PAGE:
Sports nutrition advice for a vegetarian

More and more people are eating vegetarian or vegan. As a sports dietician I get a lot of questions from athletes with a vegetarian diet, I thought it was high time to explain what you should take into account as a sports broiler.

Energy

A vegetable diet gives a saturated feeling faster than an animal diet. This is due to the high fiber content of plant food, but also due to the lower energy density. This means that you have to eat more to get the same amount of energy. If you want to lose weight this is of course ideal, but it will be more difficult for athletes who want to keep a stable weight or even want to arrive. In order to perform well, it is important to get enough energy. To tackle this, you can choose as a vegetarian for products with a higher energy density such as nuts, avocado and oils. In addition, if you still eat dairy products and cheese, you can get a fair amount of energy from these foods

Egg whites

Proteins stimulates production of hormones and provides energy, but are especially important as a building material. They play a role in the production of cell structures, the production of hormones and enzymes and especially for the athletes, proteins play a major role in the maintenance and recovery of muscle mass

This is due to the bioavailability [1,4] . The bioavailability is the composition of the proteins (amino acids) that you ingest from your foods. Proteins are made up of amino acids that form long chains. There are a total of 20 different amino acids. The body can make 12 of these themselves: the non-essential amino acids . The other 8 amino acids have to be removed from the diet and are also called the essential amino acids . The proteins that we ingest through our diet are broken down in the body into these essential and non-essential amino acids

Iron

Our body carries about 2-4 grams of iron by itself. Of these, 65% is stored as hemoglobin, in the blood, 10% as myoglobin, in the muscle, 1-5% in enzymes and the rest in the blood as transferrin or stored as ferritin. Iron plays an important role in the formation of hemoglobin, which is responsible for oxygen transport in the blood, but also for the formation of myoglobin that ensures that oxygen is stored and retained in the muscles. Inadequate intake of iron can lead to fatigue, dizziness, reduced concentration and anemia

Zinc

Zinc plays an important role in the functioning of the immune system, energy metabolism, protein synthesis and DNA [3] . Zinc is mainly found in animal foods. Approximately 50% of the zinc intake is extracted from meat and dairy. In addition, fibers, which are abundant in a vegetable diet, inhibit the absorption of zinc. It is possible to get enough zinc with a vegetable diet, although an increased need must be taken into account. Vegetable sources of zinc are grains, nuts, seeds, legumes and rice.

Calcium

Vegetarians can generally easily meet their calcium needs. This is slightly more difficult for vegans who do not use milk products. Calcium plays an important role together with phosphorus in keeping the skeleton and teeth firm. It also has a function for controlling the heartbeat, blood pressure and contraction of the muscles. A calcium deficiency can lead to osteoporosis because with too low intake calcium is extracted from the bones [3] . To get enough calcium, it is advisable to take sufficient calcium-rich vegetables, such as kale, broccoli and spinach, calcium-enriched soymilk (if no dairy products are used) and calcium-enriched tofu and grains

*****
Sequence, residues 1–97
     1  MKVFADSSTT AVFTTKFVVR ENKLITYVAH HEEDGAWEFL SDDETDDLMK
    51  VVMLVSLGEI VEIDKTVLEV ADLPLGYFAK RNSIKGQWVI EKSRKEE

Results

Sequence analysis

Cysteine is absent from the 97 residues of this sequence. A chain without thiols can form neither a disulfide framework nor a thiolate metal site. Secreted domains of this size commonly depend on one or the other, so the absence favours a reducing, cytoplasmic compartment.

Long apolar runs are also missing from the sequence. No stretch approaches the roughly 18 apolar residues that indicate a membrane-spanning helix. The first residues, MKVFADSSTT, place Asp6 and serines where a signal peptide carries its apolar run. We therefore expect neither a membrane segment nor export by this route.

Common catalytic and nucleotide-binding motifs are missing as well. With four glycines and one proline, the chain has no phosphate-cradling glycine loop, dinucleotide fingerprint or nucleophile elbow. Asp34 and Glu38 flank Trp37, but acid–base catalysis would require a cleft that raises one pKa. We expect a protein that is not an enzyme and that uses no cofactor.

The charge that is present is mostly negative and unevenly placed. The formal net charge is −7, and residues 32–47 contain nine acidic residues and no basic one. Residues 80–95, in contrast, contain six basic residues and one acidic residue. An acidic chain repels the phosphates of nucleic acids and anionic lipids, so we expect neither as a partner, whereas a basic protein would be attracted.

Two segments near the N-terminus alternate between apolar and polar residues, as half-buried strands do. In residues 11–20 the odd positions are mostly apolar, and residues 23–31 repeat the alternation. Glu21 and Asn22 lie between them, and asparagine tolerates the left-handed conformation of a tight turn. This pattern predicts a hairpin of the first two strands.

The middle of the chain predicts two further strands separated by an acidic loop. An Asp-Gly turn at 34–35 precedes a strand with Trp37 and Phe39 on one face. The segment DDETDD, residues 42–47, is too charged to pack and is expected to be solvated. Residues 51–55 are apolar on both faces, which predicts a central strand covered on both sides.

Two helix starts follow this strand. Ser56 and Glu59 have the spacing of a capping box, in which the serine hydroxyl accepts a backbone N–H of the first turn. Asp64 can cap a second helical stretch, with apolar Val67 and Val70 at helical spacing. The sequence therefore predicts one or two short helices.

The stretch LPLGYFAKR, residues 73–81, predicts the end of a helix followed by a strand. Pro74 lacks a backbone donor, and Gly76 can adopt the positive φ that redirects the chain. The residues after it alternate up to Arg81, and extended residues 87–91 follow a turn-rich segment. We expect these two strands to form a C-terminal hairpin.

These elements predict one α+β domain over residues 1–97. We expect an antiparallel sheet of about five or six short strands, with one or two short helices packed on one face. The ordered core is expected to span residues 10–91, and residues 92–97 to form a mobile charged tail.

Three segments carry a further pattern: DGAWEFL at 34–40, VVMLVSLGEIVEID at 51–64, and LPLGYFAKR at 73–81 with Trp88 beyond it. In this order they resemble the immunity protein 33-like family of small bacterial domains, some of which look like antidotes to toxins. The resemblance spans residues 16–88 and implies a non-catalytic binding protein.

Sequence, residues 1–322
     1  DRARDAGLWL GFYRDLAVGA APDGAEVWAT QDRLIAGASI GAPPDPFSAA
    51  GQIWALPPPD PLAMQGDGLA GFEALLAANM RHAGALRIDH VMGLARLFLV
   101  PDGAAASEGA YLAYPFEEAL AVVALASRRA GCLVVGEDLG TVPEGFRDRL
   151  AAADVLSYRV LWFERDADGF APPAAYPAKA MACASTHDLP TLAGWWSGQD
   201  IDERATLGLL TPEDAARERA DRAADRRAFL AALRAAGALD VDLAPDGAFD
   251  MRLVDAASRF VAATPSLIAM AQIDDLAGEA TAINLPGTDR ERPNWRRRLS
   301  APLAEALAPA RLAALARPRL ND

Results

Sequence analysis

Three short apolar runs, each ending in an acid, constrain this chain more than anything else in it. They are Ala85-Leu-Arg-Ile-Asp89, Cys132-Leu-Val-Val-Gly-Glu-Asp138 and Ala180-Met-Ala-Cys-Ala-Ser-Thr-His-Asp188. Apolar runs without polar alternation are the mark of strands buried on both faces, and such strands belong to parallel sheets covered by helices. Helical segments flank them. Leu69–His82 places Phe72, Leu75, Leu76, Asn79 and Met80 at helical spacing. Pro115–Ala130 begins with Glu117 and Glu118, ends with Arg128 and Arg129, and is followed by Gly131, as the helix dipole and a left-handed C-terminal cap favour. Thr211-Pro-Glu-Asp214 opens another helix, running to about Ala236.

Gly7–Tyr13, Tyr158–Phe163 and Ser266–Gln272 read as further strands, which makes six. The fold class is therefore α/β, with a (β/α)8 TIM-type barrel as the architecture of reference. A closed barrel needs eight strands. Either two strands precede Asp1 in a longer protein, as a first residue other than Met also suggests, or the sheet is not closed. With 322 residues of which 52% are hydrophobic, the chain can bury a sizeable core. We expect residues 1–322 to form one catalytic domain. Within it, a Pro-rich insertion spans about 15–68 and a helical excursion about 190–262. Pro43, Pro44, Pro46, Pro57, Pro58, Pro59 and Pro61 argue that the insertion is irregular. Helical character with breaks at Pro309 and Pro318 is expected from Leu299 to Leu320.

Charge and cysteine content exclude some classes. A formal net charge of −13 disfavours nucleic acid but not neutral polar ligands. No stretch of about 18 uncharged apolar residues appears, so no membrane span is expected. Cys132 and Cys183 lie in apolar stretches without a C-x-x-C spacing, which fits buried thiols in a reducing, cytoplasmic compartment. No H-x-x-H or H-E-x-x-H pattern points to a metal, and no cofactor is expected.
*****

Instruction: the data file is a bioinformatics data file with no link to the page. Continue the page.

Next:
Vitamin B12

Vitamin B12 works with folic acid and is involved in the formation of DNA, nerve tissues and red blood cells [3,4] . In addition, it is important for a good resistance to get enough vitamin B12. Vegans in particular are at risk of vitamin B12 deficiency. Vitamin B12 is mainly found in animal products. Nevertheless, more and more products are enriched with vitamin B12, such as enriched soy products and marmite. For vegans it is recommended to use a vitamin B12 supplement because it is almost impossible to get the recommended amount of vitamin B12 with vegan food. For vegetarians this has to be done by using milk products

Creatine

Creatine is especially interesting for strength athletes and sprinters. Creatine has a function in the redevelopment of ATP (energy supply) and is therefore important for explosive power. For more information about creatine, I recommend this article about creatine .

Creatine is mainly found in meat. Often, a lower creatine value is also seen among vegetarians and vegans. Usually, a creatine supplementation has a greater effect in this group than in meat eaters.

Tips for vegetarians

Provide a varied diet including protein-rich and carbohydrate-rich foods with every meal. In addition to products that naturally contain a lot of proteins such as tofu, tempeh and nuts, there are also many meat substitutes with sufficient proteins on the market.
Experiment with vegetarian recipes and alternatives to meat.
Often you will see that you lose weight when you start with vegetarian food. This can be annoying, especially for athletes who train a lot and intensively, and whose energy needs have increased. Do not worry, this is normal because foods with a lower energy density are eaten. Also try to use products with a high energy density such as nuts, avocado, meat substitutes, dairy products or soy products.
If you use soy instead of dairy products, try to choose the calcium-enriched products. You can visit My Greens Daily for more nutritional tips.

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